Tucson percussionist Will Clipman and cellist Michael Ronstadt went into the studio last year with little more than a mission statement: Combine their talents to create something special.
There were no songs written down, no notes on a page beyond a couple loose sketches, mere musical ideas.
Seven or eight of the 10 songs on “Wildly Ethereal,” the fruit of their musical collaboration that they released in May, are pure improv, made up on the fly.
“They sound composed, but (Ronstadt) would just pick a key and I would kind of set up a groove and we would just take off and see where it went,” Clipman said.
Where it went is a lovely soundscape of emotions, from the hopeful promise of “Brand New Era” to the jazzy, percussive dance of “Ascension.” The title song is an exciting, primitive sounding romp that recalls Clipman’s deep connection with world music; Clipman has recorded 35 albums on Canyon Records, a label that specializes in Native American music. Most of those records were collaborations with Native artists including Tucson flutist R. Carlos Nakaai.
But this record for Clipman stands out as one of the most interesting largely because of how it came together.
First there was the collaboration. Clipman and Ronstadt, who comes from a celebrated line of Ronstadt music royalty from Aunt Linda to dad Michael, had been friends since they both were in Americana singer-songwriter Amber Norgaard’s band years ago.
“I just really like his playing and his whole approach to music,” Clipman said of Ronstadt, who now lives in Cincinnati.
The pair had flirted with the idea of a collaboration but in 2018, Ronstadt reached out to Clipman and said the time had come: He had a goal of doing a record with Clipman in 2019.
Then there was the recording. The pair got together at Ronstadt’s brother Peter’s midtown recording studio, LandMark Sound Recorders. Over the span of a few months and several recording sessions, the pair recorded the album that was released on Michael Ronstad’s Shaken Earth label.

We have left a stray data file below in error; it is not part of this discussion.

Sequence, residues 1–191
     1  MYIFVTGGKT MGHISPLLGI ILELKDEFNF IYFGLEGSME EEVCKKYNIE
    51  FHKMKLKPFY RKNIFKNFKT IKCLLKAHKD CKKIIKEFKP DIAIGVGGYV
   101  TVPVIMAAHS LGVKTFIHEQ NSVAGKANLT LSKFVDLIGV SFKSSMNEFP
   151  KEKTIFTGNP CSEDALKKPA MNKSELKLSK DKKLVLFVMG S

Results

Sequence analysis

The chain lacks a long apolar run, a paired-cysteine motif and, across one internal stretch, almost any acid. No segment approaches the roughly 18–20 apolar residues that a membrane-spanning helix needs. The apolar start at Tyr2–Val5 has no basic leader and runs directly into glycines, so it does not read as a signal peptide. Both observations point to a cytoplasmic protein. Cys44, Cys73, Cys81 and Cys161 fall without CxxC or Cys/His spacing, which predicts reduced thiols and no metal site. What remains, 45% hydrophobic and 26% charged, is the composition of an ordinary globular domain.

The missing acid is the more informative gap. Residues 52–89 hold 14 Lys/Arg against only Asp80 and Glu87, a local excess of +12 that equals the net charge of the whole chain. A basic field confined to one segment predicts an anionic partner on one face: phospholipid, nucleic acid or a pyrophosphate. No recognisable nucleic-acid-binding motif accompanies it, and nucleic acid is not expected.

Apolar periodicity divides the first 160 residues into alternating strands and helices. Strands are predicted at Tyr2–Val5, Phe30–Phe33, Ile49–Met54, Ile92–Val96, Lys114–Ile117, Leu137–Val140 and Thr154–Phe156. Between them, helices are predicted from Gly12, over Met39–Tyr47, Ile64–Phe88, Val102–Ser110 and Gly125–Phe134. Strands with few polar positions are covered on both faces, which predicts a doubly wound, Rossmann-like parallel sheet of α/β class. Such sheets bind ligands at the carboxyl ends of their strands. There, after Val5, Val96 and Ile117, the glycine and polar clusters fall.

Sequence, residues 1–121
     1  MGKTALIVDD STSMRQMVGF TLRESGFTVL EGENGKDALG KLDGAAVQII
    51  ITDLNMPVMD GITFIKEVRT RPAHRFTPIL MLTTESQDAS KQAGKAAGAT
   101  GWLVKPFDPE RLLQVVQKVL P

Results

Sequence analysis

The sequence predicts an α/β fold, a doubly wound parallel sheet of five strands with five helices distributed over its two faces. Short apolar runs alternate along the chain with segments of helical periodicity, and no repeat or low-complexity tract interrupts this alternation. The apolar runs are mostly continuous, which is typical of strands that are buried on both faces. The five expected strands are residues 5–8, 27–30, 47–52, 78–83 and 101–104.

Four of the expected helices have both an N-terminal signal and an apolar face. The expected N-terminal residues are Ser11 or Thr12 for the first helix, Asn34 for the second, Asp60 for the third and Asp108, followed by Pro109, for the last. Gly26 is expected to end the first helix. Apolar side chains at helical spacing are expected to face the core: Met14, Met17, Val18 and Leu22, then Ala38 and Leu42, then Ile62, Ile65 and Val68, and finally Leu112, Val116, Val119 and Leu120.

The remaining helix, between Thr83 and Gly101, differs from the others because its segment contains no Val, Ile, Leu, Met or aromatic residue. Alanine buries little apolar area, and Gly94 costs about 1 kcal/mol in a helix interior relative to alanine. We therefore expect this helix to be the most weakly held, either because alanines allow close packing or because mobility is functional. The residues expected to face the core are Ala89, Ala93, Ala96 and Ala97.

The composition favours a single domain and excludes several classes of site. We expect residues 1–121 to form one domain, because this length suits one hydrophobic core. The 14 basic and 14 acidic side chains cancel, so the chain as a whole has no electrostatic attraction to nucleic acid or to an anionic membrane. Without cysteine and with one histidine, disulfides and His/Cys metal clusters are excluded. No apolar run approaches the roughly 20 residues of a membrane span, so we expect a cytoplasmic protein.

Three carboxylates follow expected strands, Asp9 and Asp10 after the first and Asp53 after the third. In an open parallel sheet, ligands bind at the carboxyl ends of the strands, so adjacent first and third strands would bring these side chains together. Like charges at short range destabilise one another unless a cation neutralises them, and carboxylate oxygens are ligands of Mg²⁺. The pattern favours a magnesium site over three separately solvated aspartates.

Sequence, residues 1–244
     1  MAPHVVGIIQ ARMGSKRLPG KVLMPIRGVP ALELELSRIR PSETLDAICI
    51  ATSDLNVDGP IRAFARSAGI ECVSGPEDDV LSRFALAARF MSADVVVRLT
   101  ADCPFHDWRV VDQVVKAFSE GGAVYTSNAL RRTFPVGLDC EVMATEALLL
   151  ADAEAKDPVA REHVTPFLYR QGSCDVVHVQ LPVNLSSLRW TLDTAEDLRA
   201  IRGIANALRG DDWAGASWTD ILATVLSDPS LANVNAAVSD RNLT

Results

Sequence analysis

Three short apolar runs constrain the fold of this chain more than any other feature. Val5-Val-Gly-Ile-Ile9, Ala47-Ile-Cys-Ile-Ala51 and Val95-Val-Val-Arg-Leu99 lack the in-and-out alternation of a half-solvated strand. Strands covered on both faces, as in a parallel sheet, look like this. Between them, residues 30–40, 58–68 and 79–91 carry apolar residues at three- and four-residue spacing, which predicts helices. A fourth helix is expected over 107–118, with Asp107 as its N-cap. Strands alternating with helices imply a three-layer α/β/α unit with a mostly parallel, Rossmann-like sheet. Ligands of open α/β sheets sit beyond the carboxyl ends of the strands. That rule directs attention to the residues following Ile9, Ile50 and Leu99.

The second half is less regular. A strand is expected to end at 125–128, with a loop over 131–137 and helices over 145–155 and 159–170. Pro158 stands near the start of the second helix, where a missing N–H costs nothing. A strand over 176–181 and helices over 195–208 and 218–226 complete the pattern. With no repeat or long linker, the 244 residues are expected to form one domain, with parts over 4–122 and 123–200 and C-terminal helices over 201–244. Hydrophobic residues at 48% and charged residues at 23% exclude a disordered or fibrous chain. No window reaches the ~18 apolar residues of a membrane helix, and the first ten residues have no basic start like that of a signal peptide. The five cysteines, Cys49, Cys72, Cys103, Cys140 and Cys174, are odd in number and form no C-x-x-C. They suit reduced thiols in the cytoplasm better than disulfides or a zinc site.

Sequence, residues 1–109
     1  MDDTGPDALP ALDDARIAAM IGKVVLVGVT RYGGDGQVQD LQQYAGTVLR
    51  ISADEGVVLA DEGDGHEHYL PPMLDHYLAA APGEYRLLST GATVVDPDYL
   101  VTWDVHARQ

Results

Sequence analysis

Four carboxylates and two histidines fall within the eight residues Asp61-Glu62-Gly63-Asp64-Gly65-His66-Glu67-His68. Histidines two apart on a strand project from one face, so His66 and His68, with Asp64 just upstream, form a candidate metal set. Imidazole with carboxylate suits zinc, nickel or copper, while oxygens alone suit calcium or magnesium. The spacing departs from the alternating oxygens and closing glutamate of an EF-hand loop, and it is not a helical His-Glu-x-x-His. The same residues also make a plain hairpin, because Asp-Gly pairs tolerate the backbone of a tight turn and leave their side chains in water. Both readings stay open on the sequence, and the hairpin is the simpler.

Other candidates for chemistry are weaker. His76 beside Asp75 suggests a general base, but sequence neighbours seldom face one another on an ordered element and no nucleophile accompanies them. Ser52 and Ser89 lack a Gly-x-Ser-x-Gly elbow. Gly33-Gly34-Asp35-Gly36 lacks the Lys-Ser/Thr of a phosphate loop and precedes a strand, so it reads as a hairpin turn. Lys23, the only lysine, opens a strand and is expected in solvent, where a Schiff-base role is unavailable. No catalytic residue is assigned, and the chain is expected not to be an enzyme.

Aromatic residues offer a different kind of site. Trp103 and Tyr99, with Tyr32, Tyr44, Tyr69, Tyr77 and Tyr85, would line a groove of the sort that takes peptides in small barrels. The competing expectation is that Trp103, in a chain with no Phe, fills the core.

Everything was on the fly, created as they went, drawing inspiration from one another’s creativity and spontaneity.
“It was really exciting and it gave the whole album a very organic feel because of the way the music was conceived and performed and recorded,” Clipman said.
When it came time to mix and master the recording, the pair left the songs in the order in which they recorded them. “We both said it is kind of fine the way we played it,” Clipman said.
Eventually, once the coronavirus pandemic is behind us or at least more under control, Clipman and Ronstadt would like to tour on the project. They are already assembling a list of possible venues in the Southwest and East Coast/Mid-Atlantic region.
And Clipman has wasted no time in submitting the album for Grammy consideration in the Best Contemporary Instrumental Album category.
“I just feel that it’s important to put your name in that hat when you can,” said Clipman, who has been nominated for a Grammy seven times in his career.
“I haven’t gotten a Grammy yet, but I’m keeping my fingers crossed on this one,” he said.
Contact reporter Cathalena E. Burch at email@example.com or 573-4642. On Twitter @Starburch
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